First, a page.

September 01, 2022

NLRA’s Protected Activity Goes Well Beyond Union Organizing

You may have read the July 18th article about Captive Audience speeches under the National Labor Relations Act (NLRA). That dealt with what an employer may/not do when it believes the employees are considering joining a union. On September 1st, there appeared what I think is another great example of how broad non-supervisory employees’ NLRA rights extend. Here’s the scoop.

Let’s say a group of your employees signs a petition addressed to you. They want to meet with you to voice their concerns about their wages (missing or delayed); poor working conditions (hot); and safety issues (lack of equipment). You effectively blow them off, refusing to meet because the complaints are a bunch of lies. OK, you would never do that, but this manager allegedly did so. You tell them to remove their names from the petition or you will consider them to have resigned. The next workday, you lock out the employees whose names are still on the petition and tell them they no longer have a job with you because they quit.

I think (hope!) we can all agree that’s pretty lousy management. But is it unlawful?  These employees say, “Yes!”  I think the National Labor Relations Board might agree.

Remember. Employees’ Section 7 rights under the NLRA include acting in concert for their mutual aid or protection. That may include two or more non-supervisory employees talking with one another about their wages, hours, or other conditions of employment.  Section 8 of the NLRA prohibits employers from interfering with, restraining or coercing employees in the exercise of those rights.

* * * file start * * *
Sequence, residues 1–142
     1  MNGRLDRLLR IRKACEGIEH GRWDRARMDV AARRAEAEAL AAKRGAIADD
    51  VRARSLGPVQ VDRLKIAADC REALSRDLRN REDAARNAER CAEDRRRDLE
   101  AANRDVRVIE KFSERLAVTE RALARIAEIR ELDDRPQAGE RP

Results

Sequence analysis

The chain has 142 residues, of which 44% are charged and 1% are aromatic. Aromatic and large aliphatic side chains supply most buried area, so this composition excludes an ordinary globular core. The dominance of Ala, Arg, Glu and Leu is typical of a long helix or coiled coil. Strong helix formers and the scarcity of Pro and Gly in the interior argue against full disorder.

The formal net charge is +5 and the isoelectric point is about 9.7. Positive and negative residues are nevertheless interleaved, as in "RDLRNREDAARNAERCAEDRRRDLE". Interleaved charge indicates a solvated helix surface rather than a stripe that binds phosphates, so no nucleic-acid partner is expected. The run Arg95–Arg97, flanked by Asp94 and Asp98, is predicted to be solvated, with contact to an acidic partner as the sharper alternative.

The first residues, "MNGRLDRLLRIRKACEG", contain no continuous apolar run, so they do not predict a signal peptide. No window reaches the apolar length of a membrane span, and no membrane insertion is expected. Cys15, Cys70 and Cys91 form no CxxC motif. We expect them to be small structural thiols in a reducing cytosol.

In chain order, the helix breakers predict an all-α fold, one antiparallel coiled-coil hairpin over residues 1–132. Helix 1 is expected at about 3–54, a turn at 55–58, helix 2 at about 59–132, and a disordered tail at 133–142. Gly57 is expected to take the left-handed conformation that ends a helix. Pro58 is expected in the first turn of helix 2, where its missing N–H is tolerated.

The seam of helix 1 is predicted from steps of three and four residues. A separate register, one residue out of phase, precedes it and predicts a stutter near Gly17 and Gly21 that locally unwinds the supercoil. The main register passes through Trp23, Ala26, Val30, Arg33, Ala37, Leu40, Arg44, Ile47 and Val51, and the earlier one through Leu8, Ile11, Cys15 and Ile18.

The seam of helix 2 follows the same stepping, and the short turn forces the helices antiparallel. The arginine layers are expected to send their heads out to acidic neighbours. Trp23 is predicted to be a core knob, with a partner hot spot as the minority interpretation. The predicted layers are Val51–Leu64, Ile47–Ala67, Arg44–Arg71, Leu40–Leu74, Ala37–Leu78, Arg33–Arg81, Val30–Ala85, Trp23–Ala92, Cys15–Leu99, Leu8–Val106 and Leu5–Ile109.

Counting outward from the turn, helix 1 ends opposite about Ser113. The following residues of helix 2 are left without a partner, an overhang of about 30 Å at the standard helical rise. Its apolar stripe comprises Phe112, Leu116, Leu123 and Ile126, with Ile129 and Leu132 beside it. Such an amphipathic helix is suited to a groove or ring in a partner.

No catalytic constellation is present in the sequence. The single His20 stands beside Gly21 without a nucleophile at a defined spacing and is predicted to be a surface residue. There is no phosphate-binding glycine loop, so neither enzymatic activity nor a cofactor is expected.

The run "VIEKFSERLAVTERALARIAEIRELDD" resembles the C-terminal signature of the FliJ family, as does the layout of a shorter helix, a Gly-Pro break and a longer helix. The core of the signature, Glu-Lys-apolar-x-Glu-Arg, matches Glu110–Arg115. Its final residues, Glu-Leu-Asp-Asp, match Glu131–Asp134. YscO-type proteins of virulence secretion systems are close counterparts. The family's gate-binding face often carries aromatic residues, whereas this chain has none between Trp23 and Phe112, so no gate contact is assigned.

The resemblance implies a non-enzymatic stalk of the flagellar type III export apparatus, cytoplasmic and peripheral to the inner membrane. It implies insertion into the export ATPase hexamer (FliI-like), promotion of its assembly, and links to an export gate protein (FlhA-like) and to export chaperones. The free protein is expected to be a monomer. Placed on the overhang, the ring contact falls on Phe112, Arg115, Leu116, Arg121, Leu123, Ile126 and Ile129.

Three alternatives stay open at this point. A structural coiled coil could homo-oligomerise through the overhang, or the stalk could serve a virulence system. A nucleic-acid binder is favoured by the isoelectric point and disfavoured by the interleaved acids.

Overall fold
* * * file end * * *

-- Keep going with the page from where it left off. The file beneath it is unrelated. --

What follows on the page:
Tips. Legal issues aside, what better way to maintain positive employee relations than to not just have an open-door policy but to actively participate in it! If you don’t listen to your employees, there are plenty of others who will – plaintiffs’ attorneys; federal, state, and local fair employment practices agencies; and more. As I often say, “Take care of employee relations today, or face labor relations tomorrow.”

Resource: Want or need a primer for your managers and supervisors on NLRA basics?  Check out FiveL Company’s archived webcast, “The NLRA in Today’s Workplace.” $25 pp. Group rates are available. Click here for more information.